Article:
The human brain
is a three-pound mass of pinkish gray tissue—and the most complex living structure known
. Its intricate network of more than 100 billion nerve cells
controls all voluntary and most involuntary activities. The large prefrontal cortex
is where reasoning and planning takes place. Other brain structures help you see, hear, smell, taste, and touch the world around you, enable memory
and learning, and keep your heart pumping and lungs working. Your life depends on the intricate coordination of all of these parts
Your brain is divided into two halves, or hemispheres. A deep groove runs down its center, separating the two hemispheres. Each hemisphere is almost a mirror image of the other but each has a slightly different pattern of bumps and grooves. And each hemisphere controls the opposite side of the body and is associated with different functions. The left hemisphere is specialized for speech, writing, language, and calculation. The right hemisphere is specialized for spatial abilities, face recognition, and some musical abilities.
The corpus callosum is a thick bundle of nerve fibers that connects the two hemispheres of the brain. It allows the two hemispheres to communicate, which is important for coordinating left- and right-brain functions.
The cerebrum is the largest part of the brain and controls all conscious thoughts, experiences, and actions. It is divided into right and left hemispheres, which are joined by the corpus callosum. Its outer folded layer is called the cerebral cortex.
The cerebral cortex is the folded gray tissue that covers the surface of each cerebral hemisphere. It is responsible for language, music, calculations, imagining, thinking and planning. It controls our ability to move our arms, legs, head, eyes, tongue—any body part we can move deliberately. It determines our intelligence, emotions, and personality. It also processes sensory information for vision, hearing, and speech. Almost everything we do consciously depends on the cortex.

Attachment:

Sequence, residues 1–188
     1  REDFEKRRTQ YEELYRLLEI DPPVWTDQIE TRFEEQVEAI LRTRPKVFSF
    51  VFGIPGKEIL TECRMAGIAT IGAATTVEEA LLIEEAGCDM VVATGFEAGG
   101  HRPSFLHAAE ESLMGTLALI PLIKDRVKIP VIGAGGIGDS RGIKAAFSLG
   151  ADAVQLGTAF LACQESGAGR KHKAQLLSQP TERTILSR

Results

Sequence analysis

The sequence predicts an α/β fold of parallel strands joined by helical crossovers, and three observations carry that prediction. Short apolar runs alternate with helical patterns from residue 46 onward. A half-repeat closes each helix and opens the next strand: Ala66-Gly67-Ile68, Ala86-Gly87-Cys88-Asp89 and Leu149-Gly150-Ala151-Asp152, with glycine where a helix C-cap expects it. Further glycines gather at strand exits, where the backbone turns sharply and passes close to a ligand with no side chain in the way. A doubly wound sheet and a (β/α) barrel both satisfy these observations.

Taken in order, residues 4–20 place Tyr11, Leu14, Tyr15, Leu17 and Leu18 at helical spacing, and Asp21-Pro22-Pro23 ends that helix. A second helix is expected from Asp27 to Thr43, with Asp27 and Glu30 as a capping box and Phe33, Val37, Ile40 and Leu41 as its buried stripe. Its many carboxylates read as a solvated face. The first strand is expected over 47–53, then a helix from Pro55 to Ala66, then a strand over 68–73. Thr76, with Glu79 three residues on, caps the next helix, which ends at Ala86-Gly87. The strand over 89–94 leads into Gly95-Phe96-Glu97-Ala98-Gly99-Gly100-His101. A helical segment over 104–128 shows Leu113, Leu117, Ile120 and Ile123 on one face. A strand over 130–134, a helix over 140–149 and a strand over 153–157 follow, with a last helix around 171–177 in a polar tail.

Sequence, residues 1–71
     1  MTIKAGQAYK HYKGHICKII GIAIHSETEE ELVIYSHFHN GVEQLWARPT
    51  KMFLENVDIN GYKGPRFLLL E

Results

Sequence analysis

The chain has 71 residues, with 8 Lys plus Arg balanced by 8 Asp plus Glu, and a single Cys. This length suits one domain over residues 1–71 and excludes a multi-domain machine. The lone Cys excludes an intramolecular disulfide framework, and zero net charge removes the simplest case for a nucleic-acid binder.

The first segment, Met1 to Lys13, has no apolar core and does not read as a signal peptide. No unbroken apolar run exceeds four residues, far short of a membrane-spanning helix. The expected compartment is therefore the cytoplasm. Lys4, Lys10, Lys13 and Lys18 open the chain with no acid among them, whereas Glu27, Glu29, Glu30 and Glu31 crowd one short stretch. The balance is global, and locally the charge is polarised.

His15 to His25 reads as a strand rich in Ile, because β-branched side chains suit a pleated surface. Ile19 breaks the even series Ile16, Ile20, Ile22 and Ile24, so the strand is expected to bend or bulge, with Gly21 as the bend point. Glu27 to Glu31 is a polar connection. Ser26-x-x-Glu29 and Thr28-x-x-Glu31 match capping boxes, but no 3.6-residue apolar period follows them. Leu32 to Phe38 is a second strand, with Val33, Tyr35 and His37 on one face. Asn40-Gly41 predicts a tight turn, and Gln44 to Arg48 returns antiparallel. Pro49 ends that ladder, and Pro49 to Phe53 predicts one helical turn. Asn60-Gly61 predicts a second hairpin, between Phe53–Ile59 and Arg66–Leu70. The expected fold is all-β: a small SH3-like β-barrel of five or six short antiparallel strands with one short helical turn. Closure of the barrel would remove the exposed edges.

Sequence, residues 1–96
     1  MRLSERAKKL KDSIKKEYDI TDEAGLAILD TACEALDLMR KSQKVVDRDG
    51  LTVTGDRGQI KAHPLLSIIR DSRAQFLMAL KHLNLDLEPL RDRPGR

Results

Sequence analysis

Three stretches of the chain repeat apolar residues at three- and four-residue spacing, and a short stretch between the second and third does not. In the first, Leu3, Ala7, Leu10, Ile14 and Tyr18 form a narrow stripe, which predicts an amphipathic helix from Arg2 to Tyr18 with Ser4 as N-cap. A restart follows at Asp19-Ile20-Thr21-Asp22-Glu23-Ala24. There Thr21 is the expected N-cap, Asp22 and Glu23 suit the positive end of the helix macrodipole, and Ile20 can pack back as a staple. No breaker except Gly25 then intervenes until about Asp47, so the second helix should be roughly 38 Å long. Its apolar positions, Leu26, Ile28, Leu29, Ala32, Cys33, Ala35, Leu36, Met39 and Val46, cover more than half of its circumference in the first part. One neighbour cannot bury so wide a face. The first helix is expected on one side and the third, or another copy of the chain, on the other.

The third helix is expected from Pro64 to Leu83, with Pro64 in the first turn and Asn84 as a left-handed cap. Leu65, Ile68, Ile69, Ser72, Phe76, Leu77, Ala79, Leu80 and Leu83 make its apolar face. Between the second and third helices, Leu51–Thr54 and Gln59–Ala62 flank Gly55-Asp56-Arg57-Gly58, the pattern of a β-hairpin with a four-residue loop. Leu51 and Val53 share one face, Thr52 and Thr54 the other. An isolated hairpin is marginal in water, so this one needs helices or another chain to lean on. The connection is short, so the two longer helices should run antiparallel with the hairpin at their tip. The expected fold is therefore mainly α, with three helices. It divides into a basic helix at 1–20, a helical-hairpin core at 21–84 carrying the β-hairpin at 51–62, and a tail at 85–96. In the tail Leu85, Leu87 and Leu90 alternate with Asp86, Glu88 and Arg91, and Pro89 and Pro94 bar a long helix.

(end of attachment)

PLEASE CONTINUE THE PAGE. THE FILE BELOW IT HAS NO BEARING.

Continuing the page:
The frontal lobes are located behind the forehead. This area of the brain is associated with higher-level thinking, such as problem solving, reasoning, and some aspects of speech. It also contains the motor cortex, which controls voluntary movement.
The temporal lobes, above the ears, are involved in hearing,identifying objects, understanding language, and storing memories. They also play a role in emotions.
The parietal lobes
on the top of the head process senses
like touch, pain, temperature, pressure, and spatial awareness
. They are also associated with voluntary movement, attention, language, and some mathematical abilities
The occipital lobes at the back of the brain interpret visual information like color, light, shape, and movement. The left and right occipital lobes interpret messages from the opposite halves of each eye. For example, the left occipital lobe receives visual signals from the left half of the retinas in both the right and left eyes, and these halves, in turn, see objects in the opposite (right) halves of the visual field. The two lobes are connected, so the information is combined to produce a single image.
The prefrontal cortex in the forward part of the frontal lobe helps control the highest levels of thinking, such as planning, reasoning, and imagination. It is also involved in conscious functions such as empathy, self-perception, and the ability to interact appropriately with others. This part of the brain is especially well-developed in humans.